Her advice to those looking to pitch is, "Be yourself. Be original, and make sure you bring your A-game and do your research. Make sure that your slides are—I wouldn't say perfect because mines weren't. I actually redid my pitch deck after the competition.


Make sure you know what you're talking about because when they ask you those questions, you have to be ready. That made me nervous when the judges asked certain questions; I had to be ready for it. And just be prepared, you know, as long as you're prepared, do your best, and give your all, you're a winner, regardless."


TaMeka used the pitch funds for marketing. She wants Limitless to receive more exposure so it can grow.


Support isn't always given to Black and Brown women in business; when has this shown and hurt or disappointed you the most?


TaMeka said, "Sometimes you believe your people are your number one supporters when they're not. I have many people rooting for Limitless and me to succeed. To help the community more, I've been in touch with major organizations like Kroger and Dare To Care and farmers and everybody to help market for Limitless. So it's really more of who you know and who knows who for you to have some of that support.


And then I believe, once more people actually see it rather than just hearing about it, they support you more. They want to see something in motion, and that's where I was at in the beginning, but since the pitch competition, it's put me out there a little bit more now.


I've had people reach out to me through LinkedIn and different platforms like, hey, we're interested, we would love to support, how can we support? So I have some upcoming meetings for that. That has helped out tremendously."


What's the most critical lesson that you've learned about business?

After running several businesses, TaMeka believes all entrepreneurs need to adopt a level of patience. She said, "You can't expect anything to come overnight. And sometimes, we tend to try to rush our success, whether it be a milestone or a small goal that we're trying to reach. So I've learned that throughout it all, each lesson is a blessing, and you have to be patient with whatever's to come because it's not going to come overnight. It's all a work in process."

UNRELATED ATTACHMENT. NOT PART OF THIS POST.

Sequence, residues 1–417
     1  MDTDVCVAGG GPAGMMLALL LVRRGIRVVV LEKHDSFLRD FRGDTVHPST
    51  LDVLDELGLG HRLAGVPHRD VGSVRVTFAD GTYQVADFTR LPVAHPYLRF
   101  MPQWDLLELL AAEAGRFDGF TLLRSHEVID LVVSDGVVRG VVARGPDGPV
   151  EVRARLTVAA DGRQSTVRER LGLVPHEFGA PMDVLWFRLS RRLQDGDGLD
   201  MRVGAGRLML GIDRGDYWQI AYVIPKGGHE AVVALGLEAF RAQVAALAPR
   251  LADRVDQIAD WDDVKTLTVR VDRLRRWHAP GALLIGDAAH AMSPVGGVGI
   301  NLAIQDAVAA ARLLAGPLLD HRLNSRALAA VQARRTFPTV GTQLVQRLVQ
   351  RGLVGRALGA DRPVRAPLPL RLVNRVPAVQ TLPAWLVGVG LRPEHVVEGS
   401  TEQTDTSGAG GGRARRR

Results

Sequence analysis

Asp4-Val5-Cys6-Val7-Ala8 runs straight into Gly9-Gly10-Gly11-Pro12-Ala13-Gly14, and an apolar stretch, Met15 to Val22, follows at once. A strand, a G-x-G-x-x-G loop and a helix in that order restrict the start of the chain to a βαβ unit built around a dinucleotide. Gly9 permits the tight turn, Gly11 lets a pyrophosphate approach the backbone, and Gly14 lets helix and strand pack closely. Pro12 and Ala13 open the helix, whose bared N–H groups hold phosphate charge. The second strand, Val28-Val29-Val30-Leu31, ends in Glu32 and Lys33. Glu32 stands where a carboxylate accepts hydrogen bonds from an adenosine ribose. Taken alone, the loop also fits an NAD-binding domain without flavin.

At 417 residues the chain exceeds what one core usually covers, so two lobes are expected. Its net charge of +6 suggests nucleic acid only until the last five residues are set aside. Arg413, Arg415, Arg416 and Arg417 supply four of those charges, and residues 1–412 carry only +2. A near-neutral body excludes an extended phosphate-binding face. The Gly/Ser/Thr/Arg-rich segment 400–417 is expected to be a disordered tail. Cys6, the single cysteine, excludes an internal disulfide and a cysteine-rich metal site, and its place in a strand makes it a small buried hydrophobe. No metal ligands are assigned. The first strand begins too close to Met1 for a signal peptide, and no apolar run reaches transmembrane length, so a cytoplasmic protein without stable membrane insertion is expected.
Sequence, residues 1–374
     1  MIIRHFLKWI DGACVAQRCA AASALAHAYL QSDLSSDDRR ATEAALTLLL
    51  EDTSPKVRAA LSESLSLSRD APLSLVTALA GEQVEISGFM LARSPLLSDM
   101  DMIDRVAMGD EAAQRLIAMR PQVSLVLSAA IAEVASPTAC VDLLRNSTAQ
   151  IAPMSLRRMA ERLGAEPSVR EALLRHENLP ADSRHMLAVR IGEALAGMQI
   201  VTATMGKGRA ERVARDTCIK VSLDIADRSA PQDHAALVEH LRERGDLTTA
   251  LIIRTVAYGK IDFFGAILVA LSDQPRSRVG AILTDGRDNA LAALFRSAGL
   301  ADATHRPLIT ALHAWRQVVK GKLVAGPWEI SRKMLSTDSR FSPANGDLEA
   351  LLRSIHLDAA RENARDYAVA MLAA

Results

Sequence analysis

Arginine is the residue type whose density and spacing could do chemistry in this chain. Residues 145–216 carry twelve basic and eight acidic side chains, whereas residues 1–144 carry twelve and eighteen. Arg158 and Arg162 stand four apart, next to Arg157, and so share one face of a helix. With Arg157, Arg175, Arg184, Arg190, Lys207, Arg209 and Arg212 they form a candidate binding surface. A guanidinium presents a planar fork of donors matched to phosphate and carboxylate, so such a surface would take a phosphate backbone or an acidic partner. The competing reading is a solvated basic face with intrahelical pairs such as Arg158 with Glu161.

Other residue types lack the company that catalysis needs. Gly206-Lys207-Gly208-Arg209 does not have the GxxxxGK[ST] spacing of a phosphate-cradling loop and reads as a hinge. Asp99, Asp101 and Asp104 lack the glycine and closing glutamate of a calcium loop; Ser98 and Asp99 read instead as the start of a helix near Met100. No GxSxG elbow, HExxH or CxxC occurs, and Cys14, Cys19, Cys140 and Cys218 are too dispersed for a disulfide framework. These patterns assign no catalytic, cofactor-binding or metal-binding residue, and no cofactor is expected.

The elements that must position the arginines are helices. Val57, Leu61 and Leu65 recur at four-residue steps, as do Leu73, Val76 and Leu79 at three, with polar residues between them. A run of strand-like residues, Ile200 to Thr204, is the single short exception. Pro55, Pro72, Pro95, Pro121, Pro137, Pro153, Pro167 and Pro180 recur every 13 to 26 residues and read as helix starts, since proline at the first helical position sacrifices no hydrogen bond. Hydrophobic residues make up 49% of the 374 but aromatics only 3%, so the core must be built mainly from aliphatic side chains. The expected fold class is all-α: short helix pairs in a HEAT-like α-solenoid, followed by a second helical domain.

There were moments when TaMeka had to push back the launch of Limitless. Even after spending money on marketing, she thought of several ways she could have spent that money. Not everything TaMeka did on her journey worked out as planned in her mind. But that didn't stop her from moving forward. The outcome doesn't always reveal itself at the moment.


What is an important skill or asset you need to succeed in business?

TaMeka immediately said, "Growth and learning. You can not learn too much. You have to continue to educate yourself. Whether business or financing, it's all a part of growth.


And if you can't grow as an individual, you will not be successful. You know, ultimately, life's challenges get in the way sometimes of us running a business, but you have to learn how to separate the two. You just have to learn how to be a good person wholeheartedly because it will help you succeed in life."


The no's that you experience as an entrepreneur may set you back but for TaMeka, the no's push her forward. She said, "I don't let a lot of things bother me anymore. I could say in my thirties, I probably did, but as I got older, it's like, okay, whatever, it is what it is, I'm going to do this anyway.


I've programmed myself to where, if I say, I'm going to do it, then I'm going to do it. I'm going to get to the finish line. If it fails, at least I made it there to execute my plan and goals, dreams, hopes, and visions. It's perseverance, consistency, all that comes with being an entrepreneur."


How do you measure success?

Success ebbs and flows. TaMeka said, "You could have it one day, and then it's gone the next." She measures success by progress. A good day for her is a day when she reaches some of her goals and milestones. She focuses on momentum.


What's the most exciting part of your business?

TaMeka enjoys meeting new people. To fulfill her mission with Limitless, she has to have businesses on the app. That requires relationship building. By doing this, she gets a bird's eye view of people's personal stories. She said, "You hear where they came from, which motivates me because I feel like if I win, they win. We're cross-promoting and marketing one another. So we'll all be able to feed our families at the end of the day. Whether it's just a corner store or a restaurant, the relationship that I've gotten throughout this process with many of these business owners has been helpful.